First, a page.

A crash survivor has forgiven a pal who killed his two best friends by dangerous driving.

Zahid Ali from Accrington this week admitted causing the deaths of Kasier Hussain, 16, and Sajid Khan, 19, in a smash in March.

But after Ali’s appearance in court, the other survivor Wasif Ali, 20,  said he did not blame him for the accident.

The four were childhood friends and travelling in a red BMW, being driven by Ali, which collided with a wall and two parked cars on Marsden Road, Burnley, at around 9pm on March 10.

Police said Ali had been “recklessly speeding”.

Front seat passenger Kasier and the driver were cousins. Ali, 18, of Richmond Hill Street, Accrington, pleaded guilty to two counts of causing death by dangerous driving at Burnley Crown Court.

He will be sentenced at a later date.

Wasif, who suffered multiple injuries in the crash, said: “I lost my two best friends. It has been so hard these last few months.

“I get flashbacks of the crash and can’t sleep because of it. I do miss my friends every day. I miss Zahid as well. I don’t think Zahid was wrong – it wasn’t his fault.

“We did everything together, chilled and played football and were childhood friends.”

Wasif, a former Rhyddings pupil, escaped from the crash with a broken collar bone, fractured rib, leg and chest injuries.

Recalling the fatal night he said: “I remember us being together, but how it happened and why it happened, I just don’t know.

“I woke up in the car and there were police and ambulances everywhere trying to break in the door and get us out. I found out Kasier had passed away when I was in the ambulance and that Sajid had died later on.”

Sport-mad Kasier, of Ormerod Street, Accrington, was due to celebrate his 17th birthday in April.

He was pronounced dead at the scene of the smash.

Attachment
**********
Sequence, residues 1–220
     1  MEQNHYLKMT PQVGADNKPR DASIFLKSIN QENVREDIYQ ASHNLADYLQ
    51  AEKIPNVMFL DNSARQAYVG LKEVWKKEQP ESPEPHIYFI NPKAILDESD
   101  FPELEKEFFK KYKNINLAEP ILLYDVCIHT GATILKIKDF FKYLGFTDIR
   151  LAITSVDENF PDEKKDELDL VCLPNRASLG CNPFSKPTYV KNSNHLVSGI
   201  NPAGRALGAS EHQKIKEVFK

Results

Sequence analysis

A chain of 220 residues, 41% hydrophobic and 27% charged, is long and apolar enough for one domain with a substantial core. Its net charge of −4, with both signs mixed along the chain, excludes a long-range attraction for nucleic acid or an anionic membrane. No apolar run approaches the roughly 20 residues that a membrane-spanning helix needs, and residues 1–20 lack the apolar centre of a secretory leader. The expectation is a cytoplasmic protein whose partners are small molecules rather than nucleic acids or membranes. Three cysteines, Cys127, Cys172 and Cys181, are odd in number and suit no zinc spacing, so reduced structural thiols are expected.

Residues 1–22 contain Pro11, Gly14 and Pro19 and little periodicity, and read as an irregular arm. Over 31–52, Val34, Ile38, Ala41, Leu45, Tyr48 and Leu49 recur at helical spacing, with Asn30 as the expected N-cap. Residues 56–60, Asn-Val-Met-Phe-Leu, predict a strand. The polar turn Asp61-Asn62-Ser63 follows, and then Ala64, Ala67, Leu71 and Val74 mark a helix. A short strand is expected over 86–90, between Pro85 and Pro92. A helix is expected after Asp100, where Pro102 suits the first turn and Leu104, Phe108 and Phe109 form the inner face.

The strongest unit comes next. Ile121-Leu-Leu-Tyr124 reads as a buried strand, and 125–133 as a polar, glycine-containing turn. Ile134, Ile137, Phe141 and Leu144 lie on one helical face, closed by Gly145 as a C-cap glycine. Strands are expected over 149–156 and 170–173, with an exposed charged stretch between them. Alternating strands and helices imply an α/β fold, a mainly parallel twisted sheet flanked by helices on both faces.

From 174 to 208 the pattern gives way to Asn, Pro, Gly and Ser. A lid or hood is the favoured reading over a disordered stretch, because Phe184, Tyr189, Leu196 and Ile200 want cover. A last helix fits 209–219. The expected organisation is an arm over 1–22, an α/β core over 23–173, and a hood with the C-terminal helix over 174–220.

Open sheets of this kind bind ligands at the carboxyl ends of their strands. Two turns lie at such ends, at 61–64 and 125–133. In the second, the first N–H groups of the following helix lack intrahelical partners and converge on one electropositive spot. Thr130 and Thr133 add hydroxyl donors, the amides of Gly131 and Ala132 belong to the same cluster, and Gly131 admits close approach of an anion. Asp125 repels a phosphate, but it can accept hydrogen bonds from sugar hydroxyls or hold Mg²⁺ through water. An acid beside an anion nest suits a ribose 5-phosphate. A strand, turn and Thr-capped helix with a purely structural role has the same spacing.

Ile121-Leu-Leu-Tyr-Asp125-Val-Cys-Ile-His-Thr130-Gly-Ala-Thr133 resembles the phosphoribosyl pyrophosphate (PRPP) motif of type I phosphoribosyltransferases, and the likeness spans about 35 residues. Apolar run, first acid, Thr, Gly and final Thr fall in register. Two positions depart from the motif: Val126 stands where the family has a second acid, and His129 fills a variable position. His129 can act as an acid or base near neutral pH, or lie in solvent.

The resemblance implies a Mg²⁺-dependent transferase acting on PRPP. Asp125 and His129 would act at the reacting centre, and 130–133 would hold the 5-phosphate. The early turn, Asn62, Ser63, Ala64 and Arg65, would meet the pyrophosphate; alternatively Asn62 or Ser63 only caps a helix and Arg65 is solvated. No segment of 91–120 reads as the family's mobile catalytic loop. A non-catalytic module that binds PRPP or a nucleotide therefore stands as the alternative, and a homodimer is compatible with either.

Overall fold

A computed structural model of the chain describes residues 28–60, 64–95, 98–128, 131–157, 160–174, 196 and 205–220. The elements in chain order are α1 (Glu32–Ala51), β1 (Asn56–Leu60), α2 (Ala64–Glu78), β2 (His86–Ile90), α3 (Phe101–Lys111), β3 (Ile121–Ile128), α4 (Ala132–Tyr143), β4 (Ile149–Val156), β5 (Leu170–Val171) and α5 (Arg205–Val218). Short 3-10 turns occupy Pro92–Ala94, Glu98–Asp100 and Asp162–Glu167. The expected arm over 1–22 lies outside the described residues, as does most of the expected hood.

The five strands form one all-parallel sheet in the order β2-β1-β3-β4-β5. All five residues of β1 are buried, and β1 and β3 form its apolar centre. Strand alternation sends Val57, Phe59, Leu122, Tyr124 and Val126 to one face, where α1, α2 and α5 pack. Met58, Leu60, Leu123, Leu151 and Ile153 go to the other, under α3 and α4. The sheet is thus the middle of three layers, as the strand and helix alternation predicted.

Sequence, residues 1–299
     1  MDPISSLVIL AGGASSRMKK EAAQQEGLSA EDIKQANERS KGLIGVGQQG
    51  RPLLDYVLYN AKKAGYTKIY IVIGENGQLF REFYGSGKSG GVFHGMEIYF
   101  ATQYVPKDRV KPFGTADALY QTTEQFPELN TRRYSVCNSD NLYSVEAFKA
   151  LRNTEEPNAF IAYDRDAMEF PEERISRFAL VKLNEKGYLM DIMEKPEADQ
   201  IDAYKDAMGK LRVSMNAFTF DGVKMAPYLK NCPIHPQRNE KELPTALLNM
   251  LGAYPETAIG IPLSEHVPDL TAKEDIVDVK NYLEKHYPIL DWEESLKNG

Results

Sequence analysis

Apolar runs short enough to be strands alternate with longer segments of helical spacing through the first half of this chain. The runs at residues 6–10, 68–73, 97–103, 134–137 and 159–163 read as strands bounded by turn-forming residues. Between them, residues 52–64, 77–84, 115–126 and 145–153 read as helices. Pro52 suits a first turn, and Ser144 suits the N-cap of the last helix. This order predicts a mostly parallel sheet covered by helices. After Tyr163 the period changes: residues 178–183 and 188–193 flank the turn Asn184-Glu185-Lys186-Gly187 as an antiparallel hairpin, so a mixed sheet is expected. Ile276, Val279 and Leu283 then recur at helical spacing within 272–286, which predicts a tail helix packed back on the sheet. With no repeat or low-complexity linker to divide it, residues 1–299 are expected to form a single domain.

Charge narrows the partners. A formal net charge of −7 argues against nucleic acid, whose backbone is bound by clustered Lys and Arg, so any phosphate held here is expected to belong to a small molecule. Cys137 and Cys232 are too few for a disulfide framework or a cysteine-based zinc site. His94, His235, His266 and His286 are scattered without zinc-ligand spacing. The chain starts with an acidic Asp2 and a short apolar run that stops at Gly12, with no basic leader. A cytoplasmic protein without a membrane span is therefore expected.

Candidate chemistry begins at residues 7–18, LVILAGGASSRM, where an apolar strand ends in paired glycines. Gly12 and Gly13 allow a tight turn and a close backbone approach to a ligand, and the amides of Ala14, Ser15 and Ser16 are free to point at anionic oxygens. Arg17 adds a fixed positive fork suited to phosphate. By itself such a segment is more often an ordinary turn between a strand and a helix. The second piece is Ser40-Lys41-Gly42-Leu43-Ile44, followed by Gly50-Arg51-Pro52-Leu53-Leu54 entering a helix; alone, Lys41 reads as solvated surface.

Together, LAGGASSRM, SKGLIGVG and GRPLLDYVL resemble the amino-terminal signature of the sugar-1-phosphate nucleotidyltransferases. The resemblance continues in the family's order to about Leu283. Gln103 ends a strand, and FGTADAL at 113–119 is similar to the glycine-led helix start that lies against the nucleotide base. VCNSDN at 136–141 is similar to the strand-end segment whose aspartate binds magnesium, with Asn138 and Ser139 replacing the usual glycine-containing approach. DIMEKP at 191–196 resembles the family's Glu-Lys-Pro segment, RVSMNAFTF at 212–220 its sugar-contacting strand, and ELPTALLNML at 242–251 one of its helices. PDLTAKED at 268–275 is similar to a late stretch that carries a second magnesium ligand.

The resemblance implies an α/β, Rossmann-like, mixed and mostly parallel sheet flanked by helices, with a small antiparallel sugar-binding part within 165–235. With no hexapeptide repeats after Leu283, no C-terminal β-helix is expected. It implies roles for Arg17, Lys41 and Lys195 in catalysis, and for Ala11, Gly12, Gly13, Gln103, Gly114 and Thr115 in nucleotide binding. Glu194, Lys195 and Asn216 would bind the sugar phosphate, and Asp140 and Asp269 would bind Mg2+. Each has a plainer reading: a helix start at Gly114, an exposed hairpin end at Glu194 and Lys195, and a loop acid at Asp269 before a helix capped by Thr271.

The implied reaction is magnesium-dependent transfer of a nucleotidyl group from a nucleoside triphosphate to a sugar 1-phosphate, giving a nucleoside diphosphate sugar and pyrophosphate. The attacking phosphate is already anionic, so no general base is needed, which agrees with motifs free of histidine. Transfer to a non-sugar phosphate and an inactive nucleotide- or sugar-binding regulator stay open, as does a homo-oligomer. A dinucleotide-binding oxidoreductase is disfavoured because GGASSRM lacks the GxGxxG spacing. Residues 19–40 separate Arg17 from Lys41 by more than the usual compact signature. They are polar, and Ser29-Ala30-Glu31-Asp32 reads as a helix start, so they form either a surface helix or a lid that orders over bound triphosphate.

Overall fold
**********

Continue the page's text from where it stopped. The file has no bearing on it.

Aspiring lawyer Sajid Khan, 19, of Richmond Road, died in Royal Blackburn Hospital from his injuries.

The former Rhyddings pupil was studying at Blackburn College and played for Enfield Cricket Club.

His family, of Coniston Road, have described him as intelligent, sport–loving and a pleasant young man.

His uncle, Latif Khan, said: “We have been waiting for this court appearance for a long time and are glad that he has pleaded guilty because it saves both the families having to go through a full trial with the additional heartache that brings. It is good he’s accepted his mistake.”

He added: “We don’t blame him. We blame him for not knowing better than to drive at that speed but it was an accident.

“He didn’t do it deliberately. We hold no malice towards Zahid and his family. We are moving on from our loss.

“It’s a tragic accident no one could have predicted.”

Sergeant Steve Wignall, of Lancashire Constabulary, said: “This was an incredibly tragic incident and my thoughts are firmly with Kasier and Sajid’s families.

“Ali’s actions that evening led to the death of two young men who had their whole lives ahead of them as well as leaving two families completely devastated.

“This case highlights the most heartbreaking consequences of reckless speeding, which played a huge part in this collision, and should serve as a strong warning to people not to drive in this way.

“Lancashire Constabulary will not tolerate this type of behaviour on the county’s roads and we are determined to bring to justice those people who choose to drive in such an irresponsible manner.”

More than 3,000 people attended Sajid and Kasier’s joint funeral at the Higher Antley Street Mosque in Accrington in March.

Sajid left two brothers, four sisters, his parents and family and friends.

Kasier left one sister, two brothers, his mum and dad, family and friends.